The 49ers legend is just as interesting off the field. In 1994, he earned a Juris Doctor from BYU’s J. Reuben Clark Law School. He earned his law degree while balancing the tough schedule of being a professional football player.  Young also co-founded Huntsman Gay Global Capital (HGGC), a private equity firm. Back to football, Young is an NFL analyst for ESPN.

 

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Inducted into Hall of Fame

Inducted into Hall of Fame

Matthew Emmons-USA TODAY Sports

Young was inducted into the Pro Football Hall of Fame in 2005. It was a storybook ending to a storybook career. Ken Stabler and Young are the only left-handed quarterbacks in the Hall of Fame.

Over the course of his legendary career, Young held a 94-49 win-loss record, threw for 33,124 yards, 232 touchdowns, just 107 interceptions and posted a 64% completion percentage. Always a threat on the ground, he ran the ball 722 times for 4,239 yards and 43 touchdowns. He is fifth all-time in career rushing yards for a quarterback, according to StatMuse.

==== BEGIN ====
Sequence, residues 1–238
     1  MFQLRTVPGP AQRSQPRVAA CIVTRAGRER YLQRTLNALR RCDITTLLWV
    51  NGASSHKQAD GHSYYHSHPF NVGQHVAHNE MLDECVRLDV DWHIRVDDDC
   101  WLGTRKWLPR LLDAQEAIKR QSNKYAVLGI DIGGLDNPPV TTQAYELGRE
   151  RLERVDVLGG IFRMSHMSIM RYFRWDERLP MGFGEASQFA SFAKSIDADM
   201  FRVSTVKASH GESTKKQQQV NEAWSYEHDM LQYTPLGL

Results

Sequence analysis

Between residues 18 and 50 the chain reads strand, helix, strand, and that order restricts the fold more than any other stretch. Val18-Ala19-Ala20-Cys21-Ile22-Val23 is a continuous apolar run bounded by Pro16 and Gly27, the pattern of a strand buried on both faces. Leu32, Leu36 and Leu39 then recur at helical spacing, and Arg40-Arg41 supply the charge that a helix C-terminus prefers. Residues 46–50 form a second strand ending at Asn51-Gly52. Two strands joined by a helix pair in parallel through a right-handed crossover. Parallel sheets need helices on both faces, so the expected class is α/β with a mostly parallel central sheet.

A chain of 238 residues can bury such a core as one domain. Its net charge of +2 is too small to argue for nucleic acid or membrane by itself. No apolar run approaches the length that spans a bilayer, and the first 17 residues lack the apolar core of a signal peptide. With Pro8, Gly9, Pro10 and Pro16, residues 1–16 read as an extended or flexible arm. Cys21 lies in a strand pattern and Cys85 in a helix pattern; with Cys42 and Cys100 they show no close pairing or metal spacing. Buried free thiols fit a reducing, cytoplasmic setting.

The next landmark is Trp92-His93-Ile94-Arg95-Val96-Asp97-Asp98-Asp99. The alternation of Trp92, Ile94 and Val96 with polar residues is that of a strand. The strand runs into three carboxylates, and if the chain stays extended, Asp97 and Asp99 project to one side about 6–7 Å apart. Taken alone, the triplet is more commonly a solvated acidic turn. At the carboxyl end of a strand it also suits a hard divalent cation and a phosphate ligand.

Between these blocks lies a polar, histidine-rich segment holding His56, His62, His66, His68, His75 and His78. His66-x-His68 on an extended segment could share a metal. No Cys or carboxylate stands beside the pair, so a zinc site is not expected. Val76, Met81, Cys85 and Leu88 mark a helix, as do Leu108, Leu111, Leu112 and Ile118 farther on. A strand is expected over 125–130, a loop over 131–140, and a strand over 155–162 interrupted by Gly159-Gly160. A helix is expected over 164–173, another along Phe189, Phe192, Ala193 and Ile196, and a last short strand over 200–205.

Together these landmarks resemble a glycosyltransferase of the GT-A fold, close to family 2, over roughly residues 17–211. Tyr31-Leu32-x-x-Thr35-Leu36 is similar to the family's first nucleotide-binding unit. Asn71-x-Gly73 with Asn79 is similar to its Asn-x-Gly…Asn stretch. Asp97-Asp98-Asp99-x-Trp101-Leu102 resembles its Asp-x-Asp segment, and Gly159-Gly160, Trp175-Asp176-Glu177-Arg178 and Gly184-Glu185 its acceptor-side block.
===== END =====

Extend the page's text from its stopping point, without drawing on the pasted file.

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A left-handed legend

A left-handed legend

Peter Brouillet-USA TODAY Sports

The quarterback everyone called a bust early on became the quarterback no one could stop. He fought against the odds and came out on top.

As a dual-threat, he could beat you by throwing or running. He was a great athlete who wasn’t afraid to break out of the pocket and scramble for the first down one play, and then throw a 50-yard bomb the next. Basically, the guy could do it all. He’s the greatest left-handed quarterback of all time, without a doubt. 

David J. Hunt is a freelance writer based out of Philadelphia. He ran cross country at Penn State, became a volunteer firefighter during COVID-19, and is a self taught journalist. He’s a diehard Philly sports fan. When he isn’t watching sports, he enjoys working out, fishing, and traveling. You can find more of his writing at The Chestnut Hill Local and The Temple News. You can follow him on Twitter at @dave_hunt44.